Information contained in this publication is intended for informational purposes only and does not constitute legal advice or opinion, nor is it a substitute for the professional judgment of an attorney.
In concluding that the proper standard for certifying Fair Labor Standards Act (FLSA) collective actions is whether the plaintiffs are "similarly situated," the U.S. Court of Appeals for the Sixth Circuit ruled on March 2, 2016, that the Seventh Circuit's application of the stricter Federal Rule 23 class action standard to an FLSA collective action was inappropriate. According to the Sixth Circuit in Monroe v. FTS USA, LLC and UniTek USA, LLC, Congress did not import the Rule 23 predominance requirement into the FLSA, and doing so "would undermine the remedial purpose of FLSA collective actions."
The plaintiffs in Monroe were all "similarly situated" cable technicians, installing cable for FTS and its cable company clients. They shared similar job duties and were subject to the same compensation plan and company-wide timekeeping system. Plaintiffs sought to bring an FLSA collective action for alleged unpaid overtime compensation that stemmed from the timekeeping system.
The district court authorized notice and granted conditional certification of the technician's FLSA collective action. The notice defined the class as any and all technicians employed at any location across the country who were compensated on a piece-rate basis who did not receive overtime compensation for hours worked over 40 per week for the past three years. A total of 293 technicians opted in to the collective action.
After discovery, the district court denied the company's motion to decertify the class and for summary judgment, finding that the class members were similarly situated. At trial, a representative number of the technicians were called as witnesses to establish the plaintiffs' case and the jury returned a verdict on behalf of the entire collective opt-in class.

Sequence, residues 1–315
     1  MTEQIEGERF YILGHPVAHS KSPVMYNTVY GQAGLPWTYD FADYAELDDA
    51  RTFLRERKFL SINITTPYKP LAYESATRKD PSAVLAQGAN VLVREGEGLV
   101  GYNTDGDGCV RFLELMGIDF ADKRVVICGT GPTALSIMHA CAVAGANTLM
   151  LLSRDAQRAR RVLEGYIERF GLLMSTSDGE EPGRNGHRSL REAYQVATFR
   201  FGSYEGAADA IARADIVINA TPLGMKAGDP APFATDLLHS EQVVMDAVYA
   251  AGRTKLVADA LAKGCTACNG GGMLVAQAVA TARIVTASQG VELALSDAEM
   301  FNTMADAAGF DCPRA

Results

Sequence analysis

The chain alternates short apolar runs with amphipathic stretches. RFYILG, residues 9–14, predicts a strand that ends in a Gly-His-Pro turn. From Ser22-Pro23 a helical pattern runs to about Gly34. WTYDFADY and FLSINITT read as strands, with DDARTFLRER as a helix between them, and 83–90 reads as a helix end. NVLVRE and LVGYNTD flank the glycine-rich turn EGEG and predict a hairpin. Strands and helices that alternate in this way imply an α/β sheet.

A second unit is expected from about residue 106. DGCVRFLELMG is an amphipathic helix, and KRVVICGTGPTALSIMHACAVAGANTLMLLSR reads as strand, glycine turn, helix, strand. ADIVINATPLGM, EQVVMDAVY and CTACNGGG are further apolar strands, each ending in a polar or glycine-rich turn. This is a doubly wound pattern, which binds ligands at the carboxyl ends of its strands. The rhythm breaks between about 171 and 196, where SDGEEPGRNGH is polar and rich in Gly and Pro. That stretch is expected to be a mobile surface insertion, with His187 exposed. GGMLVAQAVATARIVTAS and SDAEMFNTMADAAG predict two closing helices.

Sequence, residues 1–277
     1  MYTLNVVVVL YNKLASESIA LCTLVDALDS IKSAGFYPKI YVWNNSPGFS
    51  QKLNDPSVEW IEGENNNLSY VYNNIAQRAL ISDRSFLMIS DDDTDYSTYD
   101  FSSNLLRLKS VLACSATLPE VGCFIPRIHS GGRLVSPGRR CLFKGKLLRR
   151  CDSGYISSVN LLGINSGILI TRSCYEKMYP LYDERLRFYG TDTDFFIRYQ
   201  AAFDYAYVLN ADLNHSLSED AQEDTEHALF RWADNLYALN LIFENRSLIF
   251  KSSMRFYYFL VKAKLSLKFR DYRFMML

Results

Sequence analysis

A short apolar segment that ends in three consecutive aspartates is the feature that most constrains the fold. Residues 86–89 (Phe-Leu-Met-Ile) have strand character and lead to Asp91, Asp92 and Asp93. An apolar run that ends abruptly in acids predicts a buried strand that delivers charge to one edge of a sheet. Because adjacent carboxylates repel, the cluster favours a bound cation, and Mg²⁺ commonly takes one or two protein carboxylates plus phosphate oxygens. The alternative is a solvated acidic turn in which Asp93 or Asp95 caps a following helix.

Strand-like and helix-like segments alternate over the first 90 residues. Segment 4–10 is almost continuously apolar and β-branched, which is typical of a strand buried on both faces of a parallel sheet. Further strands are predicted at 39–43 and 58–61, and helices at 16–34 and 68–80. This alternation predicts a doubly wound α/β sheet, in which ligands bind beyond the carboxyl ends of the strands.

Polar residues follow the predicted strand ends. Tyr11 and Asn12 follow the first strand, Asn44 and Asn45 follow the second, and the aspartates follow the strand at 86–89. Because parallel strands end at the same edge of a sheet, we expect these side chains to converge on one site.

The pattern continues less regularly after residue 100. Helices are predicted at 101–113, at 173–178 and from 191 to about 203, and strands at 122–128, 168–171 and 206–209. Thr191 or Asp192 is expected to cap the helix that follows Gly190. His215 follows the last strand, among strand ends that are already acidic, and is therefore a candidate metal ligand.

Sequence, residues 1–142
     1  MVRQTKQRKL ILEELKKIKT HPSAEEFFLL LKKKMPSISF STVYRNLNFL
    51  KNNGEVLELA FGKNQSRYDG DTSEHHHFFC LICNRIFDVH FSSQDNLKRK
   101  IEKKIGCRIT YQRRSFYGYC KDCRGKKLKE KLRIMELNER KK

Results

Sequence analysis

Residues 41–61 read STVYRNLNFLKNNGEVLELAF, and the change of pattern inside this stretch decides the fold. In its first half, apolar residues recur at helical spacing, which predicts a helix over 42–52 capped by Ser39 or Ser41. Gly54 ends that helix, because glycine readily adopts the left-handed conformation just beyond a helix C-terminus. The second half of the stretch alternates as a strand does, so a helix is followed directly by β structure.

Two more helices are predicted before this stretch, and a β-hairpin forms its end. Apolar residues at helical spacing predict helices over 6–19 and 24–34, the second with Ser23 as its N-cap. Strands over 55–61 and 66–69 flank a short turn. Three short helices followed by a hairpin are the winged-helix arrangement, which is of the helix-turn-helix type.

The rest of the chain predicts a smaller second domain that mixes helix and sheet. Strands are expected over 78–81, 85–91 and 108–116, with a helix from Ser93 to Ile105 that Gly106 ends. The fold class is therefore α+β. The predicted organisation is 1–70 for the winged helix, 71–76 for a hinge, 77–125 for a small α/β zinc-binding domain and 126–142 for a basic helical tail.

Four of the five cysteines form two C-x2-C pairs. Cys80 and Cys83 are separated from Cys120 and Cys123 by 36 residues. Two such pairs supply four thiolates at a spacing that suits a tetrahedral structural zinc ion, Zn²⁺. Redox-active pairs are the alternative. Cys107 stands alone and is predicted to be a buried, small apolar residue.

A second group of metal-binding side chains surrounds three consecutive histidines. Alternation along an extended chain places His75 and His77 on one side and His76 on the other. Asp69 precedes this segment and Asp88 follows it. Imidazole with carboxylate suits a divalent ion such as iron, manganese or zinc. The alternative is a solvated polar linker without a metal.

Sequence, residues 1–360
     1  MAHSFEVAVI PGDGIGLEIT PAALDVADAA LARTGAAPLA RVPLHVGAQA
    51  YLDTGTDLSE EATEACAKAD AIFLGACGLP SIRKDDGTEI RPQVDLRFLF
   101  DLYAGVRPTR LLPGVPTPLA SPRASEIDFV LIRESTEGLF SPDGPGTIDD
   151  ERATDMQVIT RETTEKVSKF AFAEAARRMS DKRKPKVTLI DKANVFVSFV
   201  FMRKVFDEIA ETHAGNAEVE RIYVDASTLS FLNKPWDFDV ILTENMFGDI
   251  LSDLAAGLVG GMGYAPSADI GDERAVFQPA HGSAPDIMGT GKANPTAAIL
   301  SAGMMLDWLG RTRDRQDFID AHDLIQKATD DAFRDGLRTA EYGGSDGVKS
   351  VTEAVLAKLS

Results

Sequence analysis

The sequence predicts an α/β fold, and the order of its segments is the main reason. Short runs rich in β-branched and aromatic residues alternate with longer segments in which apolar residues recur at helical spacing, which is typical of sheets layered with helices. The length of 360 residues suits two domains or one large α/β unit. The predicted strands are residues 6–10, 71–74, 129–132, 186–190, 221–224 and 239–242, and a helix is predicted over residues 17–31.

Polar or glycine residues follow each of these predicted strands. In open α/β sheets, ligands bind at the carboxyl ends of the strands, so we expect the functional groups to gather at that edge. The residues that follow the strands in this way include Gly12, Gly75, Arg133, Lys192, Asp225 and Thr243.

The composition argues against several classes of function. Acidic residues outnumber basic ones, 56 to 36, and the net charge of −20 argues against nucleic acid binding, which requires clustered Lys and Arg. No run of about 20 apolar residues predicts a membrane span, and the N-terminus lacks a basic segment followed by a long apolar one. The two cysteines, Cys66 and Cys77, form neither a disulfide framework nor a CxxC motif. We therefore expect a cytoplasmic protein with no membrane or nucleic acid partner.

The Court of Appeals' Decision
The company appealed the verdict arguing, among other things, that the technicians should not have been certified as a class under 29 U.S.C. § 216(b). The Sixth Circuit affirmed the district court's class certification, relying upon O'Brien v. Ed Donnelly Enterprises, Inc., 575 F.3d 567 (6th Cir. 2009). There, as here, the Sixth Circuit concluded that an overly restrictive application of the FLSA's "similarly situated" standard is not warranted, as Congress passed the FLSA with "broad remedial intent" to address "unfair method[s] of competition in commerce" inconsistent with the standard of living necessary for "health, efficiency, and general well-being of workers." Keller v. Miri Microsystems LLC, 781 F.3d 799,806 (6th Cir. 2015).
In O'Brien, the Sixth Circuit held that the stringent Rule 23 class certification analysis (which focuses on individualized questions for each potential plaintiff) was not applicable to FLSA collective actions because Congress did not import the more stringent criteria for FLSA collective actions as such a standard "undermines the remedial purpose of the collective action device." In reaching this conclusion, the Sixth Circuit rejected the analysis of the Seventh Circuit in Espenscheid v. DirectSat USA, LLC, 705 F. 3d 770 (7th Cir. 2013).
In Espenscheid, the Seventh Circuit decertified an FLSA collective action for a class of workers bringing similar FLSA claims for another subsidiary of the Monroe defendants. The Seventh Circuit, although recognizing the inherent differences between FLSA collective actions and Rule 23 class actions, as well as the conflict with settled Sixth Circuit law, ruled that "there isn't a good reason to have different standards for the certification of the two different types of action." The Sixth Circuit specifically rejected this analysis, concluding that the Seventh Circuit's decertification in Espenscheid conflicts with Sixth Circuit precedent.
The Sixth Circuit concluded that certification in Monroe was proper as the plaintiffs were "similarly situated" for purposes of the broad application of the FLSA's opt-in features and congressional intent. Both the factual and employment settings articulated by the technicians and the degree of fairness and procedural impact of certifying the case favored upholding the certification for which Espenscheid was unpersuasive.
Implications for Employers
Unless and until the U.S. Supreme Court definitively decides on this split between the circuits,1 it will remain much easier for Sixth Circuit plaintiffs to keep their collective actions certified under the FLSA, as the courts will not apply the more stringent Rule 23 class certification standard, favoring instead the more liberal – and apparently broader and inclusive – standard articulated in O'Brien. Such an application will allow courts to conclude that more workers are "similarly situated" based on their job duties, compensation and claims under the FLSA.
1 Although the U.S. Supreme Court heard oral argument in November, 2015, in a case involving the difference between the two certification standards (Tyson Foods v. Bouaphakeo), a decision has not yet been issued and questioning during oral argument has suggested that the case may be decided on a much narrower issue completely.